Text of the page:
From Urdu to Hindi, Farsi and Beyond

Anjum Altaf in The South Asian Idea:

Biryani_in_hindi_and_urdu_and_english_tshirt-p235162567083032565qm73_400 As an Urdu speaker, I had always felt it would be simple to learn Hindi and Farsi. The first shares the grammar and much of the essential vocabulary, differing only in script; the second shares the script and a considerable number of words, differing in construction of sentences and manner of speaking. My attempts to transform resolve into results yielded both confirmations and surprises and taught me something about learning, about languages, about our world and about myself.

I had always believed Hindi would be easier to learn than Farsi, but not by much. I felt I could learn Hindi within a month and Farsi within six. My Hindi-speaking friends tried to disabuse me by regularly tossing alien and tough-sounding words in my direction. I kept reminding them that I was fluent in English, yet did not know the meaning of many words. All that implied was the need for a handy dictionary if the context failed to provide sufficient clues. As for Farsi, I did not have any Farsi-speaking friends to guide me in any way.

As it turned out, Hindi did not require any learning. It was simply a question of mastering the mechanics of a different script, associating a particular shape with a particular sound. It took me all of one week in cumulative time using freely available material on the Internet to be able to start reading the BBC Hindi news feed and to write simple sentences without making egregious mistakes. From there on it was just a matter of practice. Thanks to the advances of technology, I didn’t even need a dictionary. All that was required was to cut and paste an unfamiliar Hindi word into the Google translator; it would not only pop back the meaning but spell the word phonetically and verbalize it to eliminate any errors.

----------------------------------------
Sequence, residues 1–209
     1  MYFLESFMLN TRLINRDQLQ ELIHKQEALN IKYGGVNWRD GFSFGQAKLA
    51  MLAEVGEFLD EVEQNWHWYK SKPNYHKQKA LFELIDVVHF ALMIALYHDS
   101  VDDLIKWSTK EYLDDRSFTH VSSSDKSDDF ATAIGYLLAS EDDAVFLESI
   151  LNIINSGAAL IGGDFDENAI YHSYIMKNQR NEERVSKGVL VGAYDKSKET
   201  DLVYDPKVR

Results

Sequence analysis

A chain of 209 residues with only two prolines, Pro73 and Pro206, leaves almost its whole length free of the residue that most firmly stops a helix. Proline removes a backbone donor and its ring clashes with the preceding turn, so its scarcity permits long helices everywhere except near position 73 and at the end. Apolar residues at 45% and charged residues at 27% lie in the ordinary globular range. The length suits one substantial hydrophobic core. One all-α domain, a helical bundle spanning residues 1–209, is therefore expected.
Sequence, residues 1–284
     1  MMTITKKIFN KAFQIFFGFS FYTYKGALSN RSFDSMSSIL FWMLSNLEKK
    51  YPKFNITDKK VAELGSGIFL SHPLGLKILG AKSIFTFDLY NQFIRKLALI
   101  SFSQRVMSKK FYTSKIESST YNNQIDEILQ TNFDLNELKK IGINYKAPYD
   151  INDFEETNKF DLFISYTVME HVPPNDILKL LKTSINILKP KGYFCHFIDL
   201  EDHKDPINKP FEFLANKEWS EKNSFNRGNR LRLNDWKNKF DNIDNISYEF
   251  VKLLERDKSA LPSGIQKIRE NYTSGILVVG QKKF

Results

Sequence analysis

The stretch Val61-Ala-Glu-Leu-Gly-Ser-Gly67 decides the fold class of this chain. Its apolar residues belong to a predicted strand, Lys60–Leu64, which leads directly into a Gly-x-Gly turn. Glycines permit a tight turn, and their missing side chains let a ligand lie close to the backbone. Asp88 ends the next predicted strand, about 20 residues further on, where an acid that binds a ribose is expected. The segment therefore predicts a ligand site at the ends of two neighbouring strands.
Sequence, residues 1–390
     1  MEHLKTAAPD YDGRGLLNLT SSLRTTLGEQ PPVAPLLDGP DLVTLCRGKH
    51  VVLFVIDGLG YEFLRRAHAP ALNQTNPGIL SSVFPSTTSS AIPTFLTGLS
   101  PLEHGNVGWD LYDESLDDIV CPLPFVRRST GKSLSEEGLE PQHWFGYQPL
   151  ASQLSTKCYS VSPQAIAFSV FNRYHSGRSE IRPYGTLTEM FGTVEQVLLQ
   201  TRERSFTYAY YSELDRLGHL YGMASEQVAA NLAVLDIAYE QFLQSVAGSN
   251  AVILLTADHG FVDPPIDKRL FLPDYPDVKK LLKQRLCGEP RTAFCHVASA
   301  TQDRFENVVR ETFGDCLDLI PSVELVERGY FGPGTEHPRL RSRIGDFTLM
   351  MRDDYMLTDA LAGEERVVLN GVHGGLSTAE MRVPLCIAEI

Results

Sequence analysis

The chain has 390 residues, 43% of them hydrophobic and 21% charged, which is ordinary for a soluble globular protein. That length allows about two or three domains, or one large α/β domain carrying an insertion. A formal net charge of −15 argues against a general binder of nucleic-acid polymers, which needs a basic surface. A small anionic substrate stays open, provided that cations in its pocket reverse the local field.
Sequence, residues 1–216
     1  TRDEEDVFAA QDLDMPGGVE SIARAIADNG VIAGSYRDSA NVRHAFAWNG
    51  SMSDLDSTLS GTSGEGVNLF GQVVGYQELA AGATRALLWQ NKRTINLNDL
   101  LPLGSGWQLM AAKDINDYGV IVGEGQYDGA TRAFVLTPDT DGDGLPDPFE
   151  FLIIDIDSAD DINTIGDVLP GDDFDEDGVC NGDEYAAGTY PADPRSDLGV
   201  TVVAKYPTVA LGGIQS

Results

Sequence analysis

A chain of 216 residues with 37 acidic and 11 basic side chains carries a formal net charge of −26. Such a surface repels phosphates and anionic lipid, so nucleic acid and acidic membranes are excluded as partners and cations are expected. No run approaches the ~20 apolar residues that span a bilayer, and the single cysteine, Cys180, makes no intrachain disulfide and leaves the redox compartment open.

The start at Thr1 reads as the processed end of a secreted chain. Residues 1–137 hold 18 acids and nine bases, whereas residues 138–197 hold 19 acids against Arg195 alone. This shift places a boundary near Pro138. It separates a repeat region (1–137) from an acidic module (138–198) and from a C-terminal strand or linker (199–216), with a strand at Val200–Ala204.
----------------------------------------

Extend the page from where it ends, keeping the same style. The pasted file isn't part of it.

On the other hand, Farsi was indeed like learning a new language where method mattered. Without guidance and deceived by the superficial similarities I went off on the wrong track. After nine months I was still struggling, repeatedly memorizing and forgetting the construction of simple sentences let alone mastering the conjugations and the tenses. This, despite investing a few hundred dollars on the highly recommended Rosetta Stone software and working with a much-touted Internet resource.

I take away a number of thoughts from this experience that might be of interest to others.

More here.